Ahead of Michigan’s primaries, voters weighed their options between two Jewish candidates.
This story has been updated to reflect Bloomberg dropping out of the race.
“If you ask two Jews, you’ll get three opinions.”
The adage could very well describe every seder night debate since the first machloket (dispute) between Hillel and Shammai. But now, the maxim also applies to the future of the United States.
For the first time in modern history, millions of American Jews had the option to vote for not one, but two Jewish men to hold the highest office in the most powerful country in the world.
Vermont Sen. Bernie Sanders and former New York City Mayor Michael Bloomberg, a pair of septuagenarian East Coast Jews, were slated to be on the ballot for the Democratic presidential primaries when the contest reaches Michigan March 10. While Sen. Sanders is still in the running, Mayor Bloomberg announced he was ending his presidential bid Wednesday morning.
The two men embody two wholly different visions for the nation. And, in good, old haimishe (familiar) fashion, Jews have strong views about them.
Two weeks before the primary, in a stately modern home off the 18-hole golf course of Franklin Hills Country Club, Florine Mark, the president and CEO of the WW Group (formerly known as Weight Watchers), hosted a “Jews for Bloomberg” event.
“We’re here to tell the American people what we can do for them,” Mark told a living room of Bloomberg prospects, as they snack on crudité and white wine.
Bloomberg is the candidate “to represent our values and our issues, and the connection and the friendship between Israel and America,” Hannan Lis, Mark’s Israeli-American son-in-law, chimed in. “Mike Bloomberg is the only candidate we can ever consider.”
Bloomberg, the former Democrat-turned-Republican-turned-Independent-turned-Democrat mayor of New York City and among the 10 richest people in the world according to Forbes, skipped early primary states to focus on Super Tuesday and delegate-rich states like Michigan to propel him to the top. He outspent every candidate in the field, having used roughly $500 million of his own funds since entering the race late last year, all while advocating for stricter gun control and touting his business acumen to boost the American economy.
Religion has played a somewhat nebulous role in Bloomberg’s contemporary life, but he drew on his Jewish roots and his Zionism as his campaign came to a head.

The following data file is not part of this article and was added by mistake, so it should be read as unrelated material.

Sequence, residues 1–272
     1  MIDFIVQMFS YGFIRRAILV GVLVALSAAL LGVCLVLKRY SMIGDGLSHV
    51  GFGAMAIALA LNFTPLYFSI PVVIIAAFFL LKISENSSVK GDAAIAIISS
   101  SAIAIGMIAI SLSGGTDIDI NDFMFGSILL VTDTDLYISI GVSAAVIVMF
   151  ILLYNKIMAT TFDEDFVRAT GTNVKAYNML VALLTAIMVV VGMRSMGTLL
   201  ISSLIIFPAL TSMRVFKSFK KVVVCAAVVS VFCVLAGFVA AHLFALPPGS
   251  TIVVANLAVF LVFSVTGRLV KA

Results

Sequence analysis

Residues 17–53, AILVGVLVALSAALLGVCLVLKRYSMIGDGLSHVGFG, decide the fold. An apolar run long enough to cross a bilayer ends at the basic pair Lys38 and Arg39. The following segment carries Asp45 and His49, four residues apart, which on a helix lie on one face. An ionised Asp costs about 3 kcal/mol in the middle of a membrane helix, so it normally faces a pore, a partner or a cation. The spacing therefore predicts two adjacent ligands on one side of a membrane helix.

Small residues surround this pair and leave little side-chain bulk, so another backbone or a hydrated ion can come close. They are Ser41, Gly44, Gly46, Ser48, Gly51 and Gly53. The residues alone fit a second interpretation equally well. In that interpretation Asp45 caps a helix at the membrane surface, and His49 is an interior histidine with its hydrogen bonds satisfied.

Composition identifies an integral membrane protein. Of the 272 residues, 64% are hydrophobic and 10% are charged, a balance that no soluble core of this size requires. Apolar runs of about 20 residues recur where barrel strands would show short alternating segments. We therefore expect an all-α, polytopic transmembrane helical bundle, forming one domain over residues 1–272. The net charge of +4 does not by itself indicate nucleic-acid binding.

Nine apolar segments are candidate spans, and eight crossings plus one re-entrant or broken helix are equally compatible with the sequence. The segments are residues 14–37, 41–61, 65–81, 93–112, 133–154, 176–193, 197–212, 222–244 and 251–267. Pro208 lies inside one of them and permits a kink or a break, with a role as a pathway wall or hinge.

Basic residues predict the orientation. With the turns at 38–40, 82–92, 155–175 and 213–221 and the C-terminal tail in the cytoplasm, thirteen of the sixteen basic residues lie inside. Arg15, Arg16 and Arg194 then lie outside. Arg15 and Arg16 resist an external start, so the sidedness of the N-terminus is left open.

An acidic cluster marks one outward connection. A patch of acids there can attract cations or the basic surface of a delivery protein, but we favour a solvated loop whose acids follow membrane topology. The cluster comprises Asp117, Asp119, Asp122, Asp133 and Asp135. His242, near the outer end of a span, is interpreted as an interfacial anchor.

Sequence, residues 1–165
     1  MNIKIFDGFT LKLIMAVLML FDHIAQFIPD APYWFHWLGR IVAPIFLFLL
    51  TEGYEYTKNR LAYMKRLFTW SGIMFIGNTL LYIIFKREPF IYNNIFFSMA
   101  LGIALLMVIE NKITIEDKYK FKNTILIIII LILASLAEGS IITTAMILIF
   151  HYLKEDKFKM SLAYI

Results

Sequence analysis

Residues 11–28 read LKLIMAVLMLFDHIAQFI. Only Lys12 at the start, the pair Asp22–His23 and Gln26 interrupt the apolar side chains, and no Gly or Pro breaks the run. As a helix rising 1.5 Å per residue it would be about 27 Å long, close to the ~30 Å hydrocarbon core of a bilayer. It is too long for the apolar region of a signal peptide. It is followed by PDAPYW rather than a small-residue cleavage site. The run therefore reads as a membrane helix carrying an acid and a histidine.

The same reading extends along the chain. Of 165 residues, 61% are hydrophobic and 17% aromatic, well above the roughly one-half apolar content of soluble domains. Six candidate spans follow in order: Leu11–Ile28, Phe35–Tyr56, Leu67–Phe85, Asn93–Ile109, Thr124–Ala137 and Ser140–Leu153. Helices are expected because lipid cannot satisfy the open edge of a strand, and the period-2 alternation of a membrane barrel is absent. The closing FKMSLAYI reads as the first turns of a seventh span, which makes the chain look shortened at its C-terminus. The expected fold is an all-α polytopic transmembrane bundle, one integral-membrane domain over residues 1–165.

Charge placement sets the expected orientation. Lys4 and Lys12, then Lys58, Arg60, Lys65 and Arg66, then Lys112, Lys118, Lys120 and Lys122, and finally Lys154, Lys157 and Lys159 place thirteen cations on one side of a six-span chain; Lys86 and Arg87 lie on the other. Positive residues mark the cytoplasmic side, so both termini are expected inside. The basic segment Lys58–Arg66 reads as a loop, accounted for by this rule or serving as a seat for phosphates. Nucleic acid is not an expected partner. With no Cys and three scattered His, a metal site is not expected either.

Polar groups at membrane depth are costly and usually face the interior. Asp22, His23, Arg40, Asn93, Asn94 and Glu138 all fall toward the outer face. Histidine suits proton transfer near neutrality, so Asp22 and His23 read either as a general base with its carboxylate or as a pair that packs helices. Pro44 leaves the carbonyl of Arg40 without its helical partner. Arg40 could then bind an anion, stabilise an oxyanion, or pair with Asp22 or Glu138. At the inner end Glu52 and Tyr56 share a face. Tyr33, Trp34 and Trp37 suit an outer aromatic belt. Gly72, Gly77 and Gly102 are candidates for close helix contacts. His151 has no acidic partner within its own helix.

“I’ve spent a lot of time in synagogues in my life, but my parents taught me that Judaism is more than just going to shul,” Bloomberg told a crowd at the Aventura Turnberry Jewish Center in Miami, Florida, in January. “It is about living our values, including our obligation to help and to ‘repair the world’ in the tradition of tikkun olam, and it’s about revering the miracle that is the state of Israel, which — for their generation — was a dream fulfilled before their very eyes.”
In Michigan, seen by most pundits as a bellwether state for the election at large, Bloomberg courted voters like Sandi Reitelman, one of the estimated 70,000 Jews who live in Metro Detroit, and bought ads in the Jewish News.
“The Jewish values of education, caring for others, the feeling that we are a family, that we’re honest, is what’s really important to me,” Reitelman, who lives in Birmingham, told the Jewish News. “I have to believe that Bloomberg believes and lives those values, given his philanthropic emphasis and what he did for New York City.”
Stuart Logan, a 63-year-old lawyer from Bloomfield Township, said, “He focuses on what he can do for others; he’s obviously not in it for himself.” Bloomberg has been using his money for “menschlichkeit” (humanity) and not to serve his own ego, Logan reasoned. “He’s a responsible guy, a lot of his policies resonate with me and I think he’s open-hearted.”
But Logan had some choice words for the other member of the tribe vying for the highest seat in the land. “Under no circumstance would I vote for Sanders,” he stated. “Sanders has traditionally minimized his Jewish contacts. It’s never been something that’s animated him.”
Bernie Sanders’ Support
Sanders, the longtime Vermont politician, current senator and Independent with a lengthy history of caucusing with Democrats, is currently in a neck-and-neck race with former Vice President Joe Biden for front-runner status. He amassed an early delegate lead in the nation’s first primary contests before Biden closed the gap in several Super Tuesday matchups. He amassed an early delegate lead in the nation’s first primary contests and has raised more in individual contributions than anyone running for president this year, while championing progressive policies like Medicare for All and climate change legislation.
Sanders was raised by Jewish-American parents. His father, Elias, was an immigrant from the former Austro-Hungarian Empire who evaded the atrocities of the Holocaust, while his mother Dorothy was born in New York to Jewish Russian immigrant parents. Though he leads a secular lifestyle, Sanders refers to his connection to the religion — although he has harsh words for Israel, and announced he would skip the American Israel Public Affairs Committee’s annual conference held March 1-3 in Washington, D.C.
“I am very proud of being Jewish. I actually lived in Israel for some months. But what I happen to believe is that right now, sadly, tragically, in Israel, through [Prime Minister] Bibi Netanyahu, you have a reactionary racist who is now running that country,” Sanders declared during the Feb. 25 Democratic debate in Charleston, South Carolina. “I happen to believe that what our foreign policy in the Mideast should be about is absolutely protecting the independence and security of Israel, but you cannot ignore the suffering of the Palestinian people.”